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Can Texting Accidents Overshadow Drunk Driving Accidents?

According to a UK research study conducted by the Transport Research Laboratory (TRL) and the RAC Foundation, texting is as deadly as drunk driving, and the startling results are just as applicable in the US as in the UK. The study had 17-24 year old drivers read, write, and ignore text messages while driving a driving simulator. Researchers concluded that the response times of test subjects decreased by 35% when distracted by a cell phone or mobile device. In comparison, response times decreased 12% when test subjects were drinking to the legal level allowed for their blood alcohol limit. Test subjects who were driving under the influence of marijuana had response times slowed 21%
The study found that distracted driving affected more than just response times. Test subjects distracted by a mobile device also had steering control reduced by 91%. As a result, many test subjects had trouble remaining in their lane while texting. Researchers also found that drivers distracted by texting followed too close behind the car in front of them, further increasing the risk of an accident.
Interestingly, all the test subjects in the study believed that they could text quickly and effectively, even while driving. All were experienced with texting. Despite this, it took them three times longer to compose and send a text message while driving. Researchers found that texters who think they are distracted for only a few seconds while driving in fact underestimate the amount of time it takes them to compose a text message on the road. In fact, researchers found that drivers sending just one text message were distracted for over half a mile or one full mile on the highway.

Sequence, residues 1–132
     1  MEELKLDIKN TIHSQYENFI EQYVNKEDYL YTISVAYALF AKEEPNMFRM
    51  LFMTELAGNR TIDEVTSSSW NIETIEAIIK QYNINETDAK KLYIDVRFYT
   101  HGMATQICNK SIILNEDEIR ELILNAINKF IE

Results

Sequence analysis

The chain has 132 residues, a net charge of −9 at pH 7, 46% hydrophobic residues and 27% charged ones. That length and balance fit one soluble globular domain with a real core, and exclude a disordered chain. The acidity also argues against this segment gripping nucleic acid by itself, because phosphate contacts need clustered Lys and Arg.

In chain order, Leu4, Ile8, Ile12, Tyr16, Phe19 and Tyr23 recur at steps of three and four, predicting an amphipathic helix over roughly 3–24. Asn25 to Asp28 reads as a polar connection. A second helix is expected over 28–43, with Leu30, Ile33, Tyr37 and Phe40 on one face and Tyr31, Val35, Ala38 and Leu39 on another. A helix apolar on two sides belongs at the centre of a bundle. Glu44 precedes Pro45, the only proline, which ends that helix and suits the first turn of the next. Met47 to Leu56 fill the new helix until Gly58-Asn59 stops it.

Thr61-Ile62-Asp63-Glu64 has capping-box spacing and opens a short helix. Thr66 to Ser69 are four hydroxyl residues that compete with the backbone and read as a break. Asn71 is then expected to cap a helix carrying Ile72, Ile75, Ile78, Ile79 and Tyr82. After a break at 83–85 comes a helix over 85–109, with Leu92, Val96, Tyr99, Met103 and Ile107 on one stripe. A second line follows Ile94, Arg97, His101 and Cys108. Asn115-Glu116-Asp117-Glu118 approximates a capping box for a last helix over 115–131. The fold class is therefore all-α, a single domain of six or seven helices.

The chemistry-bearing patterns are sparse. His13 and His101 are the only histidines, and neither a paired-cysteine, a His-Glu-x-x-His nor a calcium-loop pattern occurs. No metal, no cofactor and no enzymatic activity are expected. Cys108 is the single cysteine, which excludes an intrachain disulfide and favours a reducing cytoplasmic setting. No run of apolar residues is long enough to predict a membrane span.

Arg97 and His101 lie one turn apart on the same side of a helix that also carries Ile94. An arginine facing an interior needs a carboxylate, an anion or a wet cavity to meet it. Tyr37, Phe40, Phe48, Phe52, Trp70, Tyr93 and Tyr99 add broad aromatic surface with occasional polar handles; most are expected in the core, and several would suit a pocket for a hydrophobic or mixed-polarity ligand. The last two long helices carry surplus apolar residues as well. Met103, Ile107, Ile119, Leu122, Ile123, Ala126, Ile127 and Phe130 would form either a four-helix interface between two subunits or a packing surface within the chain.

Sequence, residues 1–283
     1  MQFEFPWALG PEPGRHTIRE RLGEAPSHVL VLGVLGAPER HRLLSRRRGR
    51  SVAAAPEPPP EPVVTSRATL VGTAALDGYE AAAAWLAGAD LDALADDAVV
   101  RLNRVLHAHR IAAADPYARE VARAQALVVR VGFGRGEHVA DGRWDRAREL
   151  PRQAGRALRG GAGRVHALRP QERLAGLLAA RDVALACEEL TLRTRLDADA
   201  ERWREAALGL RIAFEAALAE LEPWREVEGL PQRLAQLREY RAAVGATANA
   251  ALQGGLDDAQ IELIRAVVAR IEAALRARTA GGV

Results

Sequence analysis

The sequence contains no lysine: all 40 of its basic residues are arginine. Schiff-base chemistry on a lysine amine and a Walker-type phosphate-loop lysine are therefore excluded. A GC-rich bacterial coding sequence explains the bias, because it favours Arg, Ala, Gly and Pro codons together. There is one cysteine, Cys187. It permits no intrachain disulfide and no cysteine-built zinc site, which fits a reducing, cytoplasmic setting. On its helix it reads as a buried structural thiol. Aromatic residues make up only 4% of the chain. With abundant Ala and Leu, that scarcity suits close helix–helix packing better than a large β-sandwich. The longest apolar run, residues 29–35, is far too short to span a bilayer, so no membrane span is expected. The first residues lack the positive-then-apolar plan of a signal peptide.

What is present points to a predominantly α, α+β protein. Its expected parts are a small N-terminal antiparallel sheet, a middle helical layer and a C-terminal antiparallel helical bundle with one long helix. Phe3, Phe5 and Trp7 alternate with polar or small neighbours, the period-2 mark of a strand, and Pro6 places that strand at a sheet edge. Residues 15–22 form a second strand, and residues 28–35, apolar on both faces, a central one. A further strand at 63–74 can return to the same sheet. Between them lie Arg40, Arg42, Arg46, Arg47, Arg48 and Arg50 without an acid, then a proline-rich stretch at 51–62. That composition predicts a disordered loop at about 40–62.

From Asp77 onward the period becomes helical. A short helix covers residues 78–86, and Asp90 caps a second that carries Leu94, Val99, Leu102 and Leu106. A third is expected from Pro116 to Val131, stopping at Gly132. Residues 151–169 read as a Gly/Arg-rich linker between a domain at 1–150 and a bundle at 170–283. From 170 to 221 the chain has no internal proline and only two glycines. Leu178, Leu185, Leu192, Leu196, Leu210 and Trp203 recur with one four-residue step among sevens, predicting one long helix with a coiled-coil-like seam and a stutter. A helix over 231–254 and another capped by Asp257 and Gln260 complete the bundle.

If this study is worrying on its own, research in the US is even more troubling. Accroding to US researchers, teens often text while driving, even though they know it is dangerous. Most teens polled also admit to breaking current text bans while driving and claim they would continue texting and driving, even if federal legislation makes it illegal to text message while driving in any state. Many teens claim that they are too dependent on text messaging to give it up, even while driving.

Police agencies also note that catching people who are texting while driving is difficult. The California Highway Patrol, for example, has issued 163,000 tickets since 2008 to people who are talking on cell phones while driving. However, only 1,400 texting tickets have been issued. Considering there are 23 million drivers in the state, this means that many people are texting, driving – and getting away with it. Police note that cell phones are easier to spot since drivers hold the devices up to their ears. Drivers often hold devices behind the dash or on their laps when texting, making texting drivers hard to spot. Currently, 20 states ban texting and driving. Nine states ban texting and driving only for young drivers.

No experts claim that text messaging while driving is not dangerous. However, getting drivers to listen is another matter. Police agencies believe that passing new laws alone won’t help. Like many experts, they believe that a change of perspective needs to happen. Drivers need to start seeing texting as dangerous and socially unacceptable.